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128   96.7
Apr 29, 2010

Design Patterns vs Design Principles (SOLID)

I was reading the other day a discussion on Design Patterns versus Design Principles called SOLID.

For those who are not aware of this, SOLID is an acronym for the first 5 principles of object-oriented design:

  1. SRP The Single Responsibility Principle: -- a class should have one, and only one, reason to change.
  2. OCP The Open Closed Principle: -- you should be able to extend a class's behavior, without modifying it.
  3. LSP The Liskov Substitution Principle: -- derived classes must be substitutable for their base classes.
  4. ISP The Interface Segregation Principle: -- make fine grained interfaces that are client specific.
  5. DIP The Dependency Inversion Principle -- depend on abstractions not on concrete implementations.
You'll find a fair amount of information on the web on these principles.

It seems to me that you need a good grasp of the SOLID principles before you're ready to tackle Design Patterns (in more of an Architect role).  At least that is how my educational & career process evolved. Does anyone have other experiences or opinions? 

I am curious to hear how other .NET developers learn and internalize Design Patterns.

 1 comment
Sorry, my english is not very good. It seems to me that those are not opposing topics; I think they are parts of the same idea, in fact some elements of SOLID match the ideology of pattern design. --- Diego CaMacHo  May 07, 2010

270   99.7
May 09, 2010
For all things SOLID, just do a search for 'Uncle Bob Martin', or 'SOLID Programming Principles'. The best book to get started is Agile Principles, Patterns and Practices in C# by Robert and Micah Martin.

Learning Design Patterns + SOLID principles changed my programming for the better (MUCH better!). There are many resources on the internet, that would be the best place to start, and the book I mention above is a must-have for C#.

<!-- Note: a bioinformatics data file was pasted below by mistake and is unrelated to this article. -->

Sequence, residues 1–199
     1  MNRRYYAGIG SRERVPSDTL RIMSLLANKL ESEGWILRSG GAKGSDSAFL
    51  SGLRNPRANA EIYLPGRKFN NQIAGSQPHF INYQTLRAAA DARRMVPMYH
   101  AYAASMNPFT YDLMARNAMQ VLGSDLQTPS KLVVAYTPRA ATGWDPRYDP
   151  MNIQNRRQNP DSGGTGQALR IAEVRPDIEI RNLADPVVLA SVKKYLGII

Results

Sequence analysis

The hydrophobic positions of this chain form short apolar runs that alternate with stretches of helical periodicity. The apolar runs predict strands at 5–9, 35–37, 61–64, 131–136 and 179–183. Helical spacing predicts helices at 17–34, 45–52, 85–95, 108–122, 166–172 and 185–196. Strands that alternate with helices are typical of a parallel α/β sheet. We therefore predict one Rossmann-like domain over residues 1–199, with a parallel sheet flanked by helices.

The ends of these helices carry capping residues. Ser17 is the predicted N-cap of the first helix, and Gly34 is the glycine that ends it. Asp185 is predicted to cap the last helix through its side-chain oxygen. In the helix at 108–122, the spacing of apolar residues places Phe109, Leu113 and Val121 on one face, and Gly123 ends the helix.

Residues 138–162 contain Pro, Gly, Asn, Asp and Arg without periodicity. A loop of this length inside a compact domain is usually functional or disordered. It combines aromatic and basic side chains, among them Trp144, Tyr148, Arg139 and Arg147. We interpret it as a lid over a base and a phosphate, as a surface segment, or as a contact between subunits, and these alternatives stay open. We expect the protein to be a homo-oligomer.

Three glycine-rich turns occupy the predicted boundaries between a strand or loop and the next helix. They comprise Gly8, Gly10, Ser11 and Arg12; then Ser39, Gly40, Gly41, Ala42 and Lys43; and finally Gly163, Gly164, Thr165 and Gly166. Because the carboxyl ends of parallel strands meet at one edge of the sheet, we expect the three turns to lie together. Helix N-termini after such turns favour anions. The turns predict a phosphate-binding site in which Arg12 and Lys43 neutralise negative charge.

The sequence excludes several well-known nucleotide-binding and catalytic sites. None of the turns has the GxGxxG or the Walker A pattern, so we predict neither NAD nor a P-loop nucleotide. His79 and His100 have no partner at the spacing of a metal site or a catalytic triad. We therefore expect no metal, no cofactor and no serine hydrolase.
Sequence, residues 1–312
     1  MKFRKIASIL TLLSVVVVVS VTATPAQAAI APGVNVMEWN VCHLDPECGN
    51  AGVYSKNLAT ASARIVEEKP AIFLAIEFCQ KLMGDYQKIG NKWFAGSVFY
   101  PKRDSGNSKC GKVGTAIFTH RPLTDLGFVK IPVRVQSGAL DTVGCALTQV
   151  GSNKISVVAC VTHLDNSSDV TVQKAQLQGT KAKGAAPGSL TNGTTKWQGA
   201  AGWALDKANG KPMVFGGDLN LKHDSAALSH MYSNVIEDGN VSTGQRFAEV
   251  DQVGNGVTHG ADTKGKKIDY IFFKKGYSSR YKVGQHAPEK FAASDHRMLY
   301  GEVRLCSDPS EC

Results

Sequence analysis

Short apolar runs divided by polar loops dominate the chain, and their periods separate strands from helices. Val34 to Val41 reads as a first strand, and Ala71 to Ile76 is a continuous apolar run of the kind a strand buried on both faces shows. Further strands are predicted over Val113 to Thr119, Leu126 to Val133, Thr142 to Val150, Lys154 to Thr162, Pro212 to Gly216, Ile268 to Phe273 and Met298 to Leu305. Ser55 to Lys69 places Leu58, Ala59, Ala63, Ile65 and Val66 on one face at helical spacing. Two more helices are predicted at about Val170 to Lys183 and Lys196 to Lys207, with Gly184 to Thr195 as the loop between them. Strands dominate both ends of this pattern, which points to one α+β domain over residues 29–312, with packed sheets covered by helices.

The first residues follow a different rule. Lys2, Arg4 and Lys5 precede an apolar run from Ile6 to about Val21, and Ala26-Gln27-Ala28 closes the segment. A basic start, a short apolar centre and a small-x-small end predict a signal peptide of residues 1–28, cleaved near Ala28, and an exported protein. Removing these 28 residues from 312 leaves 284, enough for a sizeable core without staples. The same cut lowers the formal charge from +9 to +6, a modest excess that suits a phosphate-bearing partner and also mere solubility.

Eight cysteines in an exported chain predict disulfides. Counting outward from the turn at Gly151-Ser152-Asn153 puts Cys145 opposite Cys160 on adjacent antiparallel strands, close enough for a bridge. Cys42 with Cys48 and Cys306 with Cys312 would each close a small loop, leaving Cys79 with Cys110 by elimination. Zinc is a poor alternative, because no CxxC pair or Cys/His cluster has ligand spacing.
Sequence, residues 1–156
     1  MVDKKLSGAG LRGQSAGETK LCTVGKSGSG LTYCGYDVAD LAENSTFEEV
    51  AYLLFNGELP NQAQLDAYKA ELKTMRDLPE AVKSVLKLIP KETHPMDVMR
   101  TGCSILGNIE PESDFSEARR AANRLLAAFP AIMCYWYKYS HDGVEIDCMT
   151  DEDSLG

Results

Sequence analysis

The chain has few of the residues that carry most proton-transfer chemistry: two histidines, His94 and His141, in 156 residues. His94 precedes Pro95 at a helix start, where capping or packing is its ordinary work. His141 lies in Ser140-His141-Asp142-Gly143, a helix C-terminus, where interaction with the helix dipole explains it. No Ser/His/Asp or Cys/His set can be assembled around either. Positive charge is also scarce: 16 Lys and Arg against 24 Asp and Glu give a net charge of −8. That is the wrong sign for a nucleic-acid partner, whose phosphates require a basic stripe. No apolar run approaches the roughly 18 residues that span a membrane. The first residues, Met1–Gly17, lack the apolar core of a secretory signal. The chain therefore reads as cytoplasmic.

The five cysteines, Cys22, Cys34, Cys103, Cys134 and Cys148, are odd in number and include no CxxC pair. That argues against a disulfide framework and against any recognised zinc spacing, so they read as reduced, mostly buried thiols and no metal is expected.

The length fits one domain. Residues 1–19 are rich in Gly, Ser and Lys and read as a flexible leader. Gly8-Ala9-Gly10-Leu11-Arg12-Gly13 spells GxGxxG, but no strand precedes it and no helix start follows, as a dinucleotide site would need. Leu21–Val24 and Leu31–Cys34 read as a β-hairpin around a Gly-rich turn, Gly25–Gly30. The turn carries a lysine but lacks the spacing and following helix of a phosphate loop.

Find a good users group, or visit a Code Camp if there is one near you, there are usually a lot of good talks related to Design Patterns and SOLID principles. Here's one presentation on SOLID:


May 01, 2010
Yes I agree.

I myself, I also went through the same process to improve my professional skills. First, I studied up on the SOLID principles. After that, when I started to design using these principles, most of the time, Design Patterns got automatically implemented.

May 06, 2010
Here's a good link on the topic of SOLID design principles:


 1 comment
Thanks for the link. A good overview. --- Alexander Dimauro  May 09, 2010

50   50
May 05, 2010
On each of the SOLID design principles, I would like to see some more detailed explanations and example code. This would be of great help to beginning .NET developers. Any pointers or links would be appreciated.

100   96.6
May 09, 2010

I understand SOLID is basis for the good programming, but there are few more design principles which should also be taken into consideration for good design.

1. DRY
2. YAGINI - Microsoft has used this principle quite extensively in the developement of windows 7.

Not very sure but can get the basic information of these two principles on URL.

 1 comment
Also, do not forget KISS (Keep It Simple Stupid). Check this link: http://en.wikipedia.org/wiki/KISS_principle --- Robert Blixt  May 19, 2010

80   96.4
May 16, 2010
What i know is that there are not just 5 Design principles. There are almost 10 Design principles.

1. Open Closed Principle
2. Liskov Substitution Principle
3. Dependency Inversion Principle
4. Interface segregation Principle
5. Release Reuse Equivalency Principle
6. Common Closure Principle
7. Common Reuse Principle
8. Acyclic Dependencies Principle
9. Stable Dependencies Principle
10. Stable Abstraction Principle

For sort description please see http://geekswithblogs.net/ramkinkarpandey/archive/2009/10/03/how-to-write-a-good-code-again.aspx
For detail please see  www.objectmentor.com (Robert C. Martin)

264   99.7
May 19, 2010
And don't forget the Law of Demeter


Some apps let you chain dot all the way through the object model (as in: Customer.Orders[9].LineItem[2].Product.Name)
While it's great for programming its terrible for performance.
 1 comment
Yeah, good point. --- Juan Perez  May 19, 2010

50   50
Mar 28, 2015
Here are some principles mentioned in "Head First: Design Patterns (Freeman, Eric; Robson, Elisabeth; Bates, Bert; Sierra, Kathy (2004-10-25). O'Reilly Media.)"...

  • Identify the aspects of your application that vary and separate them from what stays the same.
  • Program to an interface, not an implementation.
  • Favor composition over inheritance.
  • Depend upon abstractions. Do not depend upon concrete classes.
  • Principle of Least Knowledge: talk only to your immediate friends.
  • The Hollywood Principle Don’t call us, we’ll call you.

Happy coding!